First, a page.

Darius Antiwon King is now a free man.
There is no cloud of suspicion hanging over him, or for that matter, any criminal charges associated with an arson fire at the Relax Inn hotel in Milledgeville.
The fire last summer resulted in major damages and the hotel’s closure. It also left several guests and long-term residents with no place to live.
The 32-year-old King, who lives in Milledgeville, was arrested and accused of setting fire to the hotel where he previously was employed.
But a jury of his peers acquitted him on charges of arson in the first degree and criminal damage to property in the first degree following a three-day trial this week in Baldwin County Superior Court.
King was represented by defense attorneys Ben Fierman and his father, Marty Fierman of the Fierman Law Firm in Madison.
A jury of eight women and four men deliberated about 30 minutes before rendering a verdict of not guilty on both charges against King.
Ocmulgee Judicial Circuit Assistant District Attorney Tony A. May, who prosecuted the case, said he was a little disappointed with the verdict, but respected the jurors’ decision.
“I tend to think juries do the right thing as they see it,” May said in an interview with The Union-Recorder on Thursday afternoon. “I’ve been doing this so long and I’ve learned that I can’t do everybody’s job. I do mine. And I do it to the best of my ability and I let the jury do their job, and the judge and defense attorney do their jobs.”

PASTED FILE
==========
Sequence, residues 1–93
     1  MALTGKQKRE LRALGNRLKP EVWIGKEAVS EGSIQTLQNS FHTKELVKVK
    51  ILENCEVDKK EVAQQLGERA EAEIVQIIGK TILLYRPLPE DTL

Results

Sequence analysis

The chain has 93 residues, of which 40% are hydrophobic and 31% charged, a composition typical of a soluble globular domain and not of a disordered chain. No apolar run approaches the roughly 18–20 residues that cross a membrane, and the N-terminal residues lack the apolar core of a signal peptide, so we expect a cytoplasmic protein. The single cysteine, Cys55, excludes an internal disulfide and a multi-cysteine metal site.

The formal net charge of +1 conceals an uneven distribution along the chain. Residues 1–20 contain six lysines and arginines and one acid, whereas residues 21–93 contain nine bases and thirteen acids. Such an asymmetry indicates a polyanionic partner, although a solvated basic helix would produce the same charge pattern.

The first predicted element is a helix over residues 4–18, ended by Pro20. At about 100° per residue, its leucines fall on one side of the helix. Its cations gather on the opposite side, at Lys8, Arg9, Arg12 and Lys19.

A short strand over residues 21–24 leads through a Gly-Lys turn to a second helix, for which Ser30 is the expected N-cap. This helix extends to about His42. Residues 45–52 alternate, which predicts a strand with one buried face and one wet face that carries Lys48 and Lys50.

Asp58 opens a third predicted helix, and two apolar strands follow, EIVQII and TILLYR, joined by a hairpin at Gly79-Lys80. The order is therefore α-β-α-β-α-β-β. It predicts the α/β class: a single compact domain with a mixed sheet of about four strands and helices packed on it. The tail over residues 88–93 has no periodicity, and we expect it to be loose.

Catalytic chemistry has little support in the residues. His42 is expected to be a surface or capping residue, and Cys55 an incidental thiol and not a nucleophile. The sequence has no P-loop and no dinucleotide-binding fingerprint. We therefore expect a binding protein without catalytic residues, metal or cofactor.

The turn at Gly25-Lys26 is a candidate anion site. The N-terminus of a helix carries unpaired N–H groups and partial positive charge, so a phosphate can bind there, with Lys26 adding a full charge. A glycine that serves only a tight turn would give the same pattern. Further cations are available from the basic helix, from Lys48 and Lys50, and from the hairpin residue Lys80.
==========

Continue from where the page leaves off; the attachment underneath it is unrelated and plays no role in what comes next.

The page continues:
May explained that arson cases are always circumstantial evidence-type cases.
“They are tough,” May said. “First of all, you start with the presumption that a fire that starts was either accidental or natural causes, so you have to overcome those presumptions, as well as the presumption that the person is innocent, to begin with.”
Nevertheless, the burden is on the state to prove beyond a reasonable doubt that the person accused committed them, he said.
May said had jurors returned guilty verdicts against the defendant that it would have resulted In the charges being merged.
King was looking at serving a maximum of 20 years in prison had jurors convicted him of the crimes, May said.
“We were actually close to a plea in this case, but the defendant had filed a motion for a speedy trial and that put him to next to the top of the list for defendants going to trial,” May said.
The three-day trial, which consisted of one day of jury selection, and nearly two full days of testimony, was presided over by Ocmulgee Judicial Circuit Senior Judge William A. Prior Jr.
May said he called 13 prosecution witnesses in the case.
Five of the witnesses who testified were tendered as experts in their specialty fields.
“I brought in the evidence that I had in the case and I was satisfied that I gave the jury the information they needed,” May said. “I think the jury actually felt it was arson, but it came down to who did it.”
He explained that there were cameras on the first and second floors of the hotel.
“You could pretty much tell who was moving around the hotel, including upstairs,” May said.
May said authorities knew that the defendant was on the third floor.
“Mr. King never denied such,” May said. “He said he was asleep.”
King lived and worked there until he was subsequently fired, according to testimony.
“The testimony was that he had been directed to leave, but he had not yet moved out,” May said.
He added that King’s firing turned out to be a big deal.
“That’s where some of the inconsistencies came in,” May said. “It was kind of a big deal when he was fired, and really, that was one of the things that the defense attorneys pointed out during the trial, and they were right.”
The assistant district attorney commended Milledgeville Fire Rescue Services Investigator Capt. Edward Barnwell, as well as Georgia Fire Marshal Investigator Alan Logue for their investigative work and testimony in the case.
“They did a great job investigating this case,” May said.